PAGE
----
White-water excitement, still-water serenity. Canoeing, a sport of many moods, is fast rising in popularity
Three canoes, one a gleaming red and two bright green, travel in line about 50 feet apart. Paddles flashing in the late morning sun, they move steadily toward ``The Barryville,'' a mile-long set of modest rapids on the beautiful upper Delaware River. The lead canoe swings into the turbulent water, edging dexterously past a couple of ominous boulders. Twisting and turning, the craft shoots through the noisy water. The others appear less confident. Paddles flail wildly as the canoeists battle to keep their crafts from ``broaching,'' a movement certain to result in an unwanted dip in the foaming water. Within 10 minutes all three canoes have maneuvered through to quiet water and are heading downriver to a picnic spot.
``Wow,'' sighs a gray-haired canoeist. ``What a ride.'' He whistles in delighted relief. A slender, blond man in the bow of another canoe turns toward his stern paddler. ``Hey, Jeannie,'' he grins, ``you really can handle that paddle.'' She smiles appreciatively, then leans back to absorb the sunshine.
This tiny armada is representative of the new breed of outdoor enthusiasts who flock by the thousands throughout the summer to paddle on America's rivers and lakes.
This particular group includes a broad range of ages, backgrounds, and abilities, and it is evenly divided between men and women. They are on a two-day weekend trip, paddling 35 miles from Narrowsburg to Port Jervis, N.Y., on the sparkling Delaware River as it winds through isolated, wooded valleys, beneath high cliffs, and past small river towns born before the Revolution.
Canoeing has enjoyed an explosive growth in the last dozen years. One reason, certainly, is that it offers such a wide range of choices. It can be a sport for serious play in foaming white water, a mode of adventurous transportation through the Canadian wilderness, or useful for a gentle day trip through a quiet swamp.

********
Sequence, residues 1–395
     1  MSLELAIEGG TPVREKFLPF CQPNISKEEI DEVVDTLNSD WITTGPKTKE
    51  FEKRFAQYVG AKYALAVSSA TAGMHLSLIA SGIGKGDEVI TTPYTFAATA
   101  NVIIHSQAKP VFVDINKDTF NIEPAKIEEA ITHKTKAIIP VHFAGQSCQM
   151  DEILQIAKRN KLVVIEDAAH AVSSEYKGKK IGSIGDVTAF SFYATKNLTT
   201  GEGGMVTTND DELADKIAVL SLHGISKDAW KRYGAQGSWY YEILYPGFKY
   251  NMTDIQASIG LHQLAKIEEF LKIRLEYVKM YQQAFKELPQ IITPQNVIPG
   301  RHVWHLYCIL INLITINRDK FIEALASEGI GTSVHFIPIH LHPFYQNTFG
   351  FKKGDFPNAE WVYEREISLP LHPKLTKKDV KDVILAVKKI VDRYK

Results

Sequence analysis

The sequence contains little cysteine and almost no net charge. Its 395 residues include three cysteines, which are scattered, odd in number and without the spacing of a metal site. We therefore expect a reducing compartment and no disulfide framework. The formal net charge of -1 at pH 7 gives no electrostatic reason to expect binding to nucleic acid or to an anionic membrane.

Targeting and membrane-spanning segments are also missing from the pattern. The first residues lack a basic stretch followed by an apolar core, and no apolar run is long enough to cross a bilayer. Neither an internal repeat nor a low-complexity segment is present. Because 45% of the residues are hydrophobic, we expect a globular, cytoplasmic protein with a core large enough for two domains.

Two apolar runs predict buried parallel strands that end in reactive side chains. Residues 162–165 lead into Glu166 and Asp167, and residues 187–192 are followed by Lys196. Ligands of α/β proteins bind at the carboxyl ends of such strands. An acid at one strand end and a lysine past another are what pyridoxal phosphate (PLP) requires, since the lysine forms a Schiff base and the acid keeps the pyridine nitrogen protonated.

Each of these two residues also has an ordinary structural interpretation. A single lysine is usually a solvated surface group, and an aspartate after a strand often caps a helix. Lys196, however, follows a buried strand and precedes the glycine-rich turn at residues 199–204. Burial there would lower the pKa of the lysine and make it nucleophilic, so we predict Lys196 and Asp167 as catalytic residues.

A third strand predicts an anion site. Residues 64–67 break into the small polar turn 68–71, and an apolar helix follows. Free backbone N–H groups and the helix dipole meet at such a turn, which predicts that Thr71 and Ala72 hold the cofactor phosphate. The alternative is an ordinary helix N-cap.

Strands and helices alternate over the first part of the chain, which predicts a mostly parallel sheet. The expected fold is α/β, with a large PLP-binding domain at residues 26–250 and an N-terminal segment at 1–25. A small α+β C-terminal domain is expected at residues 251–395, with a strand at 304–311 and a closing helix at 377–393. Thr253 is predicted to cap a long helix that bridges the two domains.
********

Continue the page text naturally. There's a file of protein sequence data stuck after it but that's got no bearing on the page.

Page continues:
For those eager to take paddle in hand, perhaps the best way to get involved is with a canoe or outing club, or with one of the many small outfitters that offer personally guided trips. However, it is also simple to rent a canoe from the more than 400 liveries around the nation and try it on your own. A list of some 200 liveries, plus canoeing tips, is available free from the National Association of Canoe Livery Operators, 8600 West Bryn Mawr Avenue, Suite 720, South Chicago, Ill. 60631. Telephone : (312) 693-0990.
Curiously, few liveries offer paddling instruction. Yet training in proper paddling techniques is a tremendous assist in teaching a canoe to behave in the manner you want it to. Training also includes learning how to ``read'' the water, a matter of importance for successfully negotiating any type of white water, from a pleasant rock garden to a roaring set of Class III rapids.
However, if your friendly neighborhood livery does not provide instruction, canoe and outing clubs usually do. And many Red Cross chapters also teach basic canoeing skills.
Don't get misty-eyed visualizing yourself gliding silently along, mile after mile, without sweat or effort. Paddling takes both. If drifting and sunbathing are your thing, you'll be better off rafting in one of those floatable tubs that take the challenge out of water.
Canoeing can be enjoyed for a modest cost. In the Northeast, for example, rentals range from $9 to $12 a day, with discounts for weekend or week-long use. Be aware that liveries expect to be paid in cash and will hold a deposit. Reservations are a must on the more popular canoe rivers throughout the nation in summer. Generally, liveries will haul you and your canoe to a put-in point and pick you up at your take-out point -- often for a fee. Many have campsites at their main base or can advise abou t camping facilities.
Canoes come equipped with paddles and PFDs, or Personal Flotation Devices, the technical term for a life jacket. Make certain equipment is in good shape before accepting it. Ask for at least one extra paddle per party. It will prove invaluable if a paddle is lost or broken.
Rental canoes are generally made of ``plastic,'' or ABS (acrylonitrite-butadiene-styrene), or aluminum. ABS canoes are virtually indestructible and much quieter in the water than aluminum. And they glide easily off rocks that aluminum canoes get hung up on.
Dress for canoeing is basic. Wear old clothes or, for a hot day, shorts or a bathing suit, and an old pair of tie-on tennis shoes. Bring a towel, a bottle of sunscreen lotion, sun glasses, and -- highly recommended -- a wide-brimmed hat. Then, top everything off with your PFD. (You can always separate the veteran paddlers from the novices. The veterans are the ones wearing their PFDs.)
Carry extra gear in something waterproof, such as the five- and 10-gallon plastic buckets with tightfitting lids favored for home repair materials. Add a plastic bottle with the bottom cut off for bailing, and toss in a sponge for tidying up, plus 15 feet of sturdy cord.
You can use the latter to tie your craft to a nearby rock or tree while you take a break and stretch out on a grassy bank to enjoy this versatile native American sport -- canoeing.